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    Hi

    I'm utterly stumped by this:

    Find the exact range of x for which the sum to infinity (from n = 1) of (x^n)/( (4^n)n) converges.

    Any pointers would be very much appreciated.

    Thanks in advance
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    (Original post by *Georgine*)
    Hi

    I'm utterly stumped by this:

    Find the exact range of x for which the sum to infinity (from n = 1) of (x^n)/( (4^n)n) converges.

    Any pointers would be very much appreciated.

    Thanks in advance
    If you have s serioes of
    \displaystyle \sum^{\infty}_{n=1}a_n(x-A)^n
    then the radius of convergence (R) around 'A' is
    \frac{1}{R}=lim_{n \to \infty}\sqrt[n]{a_n}
    In your example A=0, At the limit you can use any criteria of convergence,
    for example the ratio of \frac{a_{n+1}}{a_n}
    Note that lim_{n \to \infty}\sqrt[n]{n}=1
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    (Original post by ztibor)
    If you have s serioes of
    \displaystyle \sum^{\infty}_{n=1}a_n(x-A)^n
    then the radius of convergence (R) around 'A' is
    \frac{1}{R}=lim_{n \to \infty}\sqrt[n]{a_n}
    In your example A=0, At the limit you can use any criteria of convergence,
    for example the ratio of \frac{a_{n+1}}{a_n}
    Note that lim_{n \to \infty}\sqrt[n]{n}=1
    I really do not understand this. How does the ratio give me the exact values of x? And what would be the a (little n) in my case?
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    You are considering  \displaystyle \sum_{n=1}^{\infty} a_n , with  a_n = \frac{x^n}{4^n n} .

    By the ratio test:

    - if  \displaystyle \lim_{n \to \infty} \left| \frac{a_{n+1}}{a_n} \right| < 1 then the series converges.

    - if   \displaystyle \lim_{n \to \infty}   \left| \frac{a_{n+1}}{a_n} \right| > 1 then the series diverges.

    - if  \displaystyle \lim_{n \to \infty}   \left| \frac{a_{n+1}}{a_n} \right| = 1 , then you can't tell anything and need to examine this case separately.

    Use the first bullet point to find what range x has to be in to make the ratio less than 1 - you know that the series converges for all x in this range.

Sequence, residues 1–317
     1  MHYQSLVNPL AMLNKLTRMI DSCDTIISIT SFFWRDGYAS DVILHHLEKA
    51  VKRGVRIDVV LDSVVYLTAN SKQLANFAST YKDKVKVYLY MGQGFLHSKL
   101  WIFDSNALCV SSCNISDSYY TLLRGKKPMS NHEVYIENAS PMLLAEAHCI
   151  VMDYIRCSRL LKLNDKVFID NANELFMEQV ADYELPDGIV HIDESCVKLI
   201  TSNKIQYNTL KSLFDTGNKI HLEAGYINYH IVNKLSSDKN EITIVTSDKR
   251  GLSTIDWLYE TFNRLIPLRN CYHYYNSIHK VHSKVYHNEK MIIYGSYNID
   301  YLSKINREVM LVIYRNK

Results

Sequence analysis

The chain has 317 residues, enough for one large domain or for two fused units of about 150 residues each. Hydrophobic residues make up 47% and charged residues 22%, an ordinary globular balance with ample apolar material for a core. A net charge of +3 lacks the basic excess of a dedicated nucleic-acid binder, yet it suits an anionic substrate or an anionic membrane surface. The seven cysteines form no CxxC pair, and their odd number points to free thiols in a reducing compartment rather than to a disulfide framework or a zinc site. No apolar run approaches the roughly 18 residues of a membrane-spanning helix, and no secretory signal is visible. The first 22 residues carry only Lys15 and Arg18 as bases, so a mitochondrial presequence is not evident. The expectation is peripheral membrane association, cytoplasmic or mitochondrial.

Then examine the case where the ratio = 1 directly i.e. find the value of x that makes the ratio 1, and see if you think the series converges/diverges for this particular value of x.
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    (Original post by Daniel Freedman)
    Then examine the case where the ratio = 1 directly i.e. find the value of x that makes the ratio 1, and see if you think the series converges/diverges for this particular value of x.
    Given that there were no restrictions on where x lies, I would say 'values of x that make the ratio 1'.
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    (Original post by ljfrugn)
    Given that there were no restrictions on where x lies, I would say 'values of x that make the ratio 1'.
    Indeed. Thanks
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    (Original post by *Georgine*)
    I really do not understand this. How does the ratio give me the exact values of x? And what would be the a (little n) in my case?
    Not the ratio gives but the limit of ratio does a value which maybe finite or infinite or even 0. This value is the reciprotial of R radius,
    For example if the limit is L then
    \displaystyle R=\frac{1}{L}
    and the series will convergent if
    x \in [A-R, A+R]
    For your example:
    \displaystyle \sum^{\infty}_{n=1} \frac{x^n}{4^n \cdot n}
    so
    \displaystyle a_n=\frac{1}{4^n \cdot n}
    With the nth root test
    \displaystyle \frac{1}{R}=lim_{n \to \infty}\sqrt[n]{\frac{1}{4^n \cdot n}}=lim_{n \to \infty}\frac{1}{4 \cdot \sqrt[n]{n}}=\frac{1}{4}
    with the ratio
    \displaystyle \frac{1}{R}=lim_{n \to \infty}\frac{1}{4^{n+1} \cdot (n+1)} \cdot \frac{4^n \cdot n}{1}=lim_{n \to \infty}\frac{4^n \cdot n}{4\cdot 4^n \cdot (n+1)}=
    \displaystyle =lim_{n \to \infty}\frac{1}{4 \cdot (1+\frac{1}{n})}=\frac{1}{4}


    Calculating the limit with R you will get the range of convergence and consider A=0 (convergence around zero)
 
 
 
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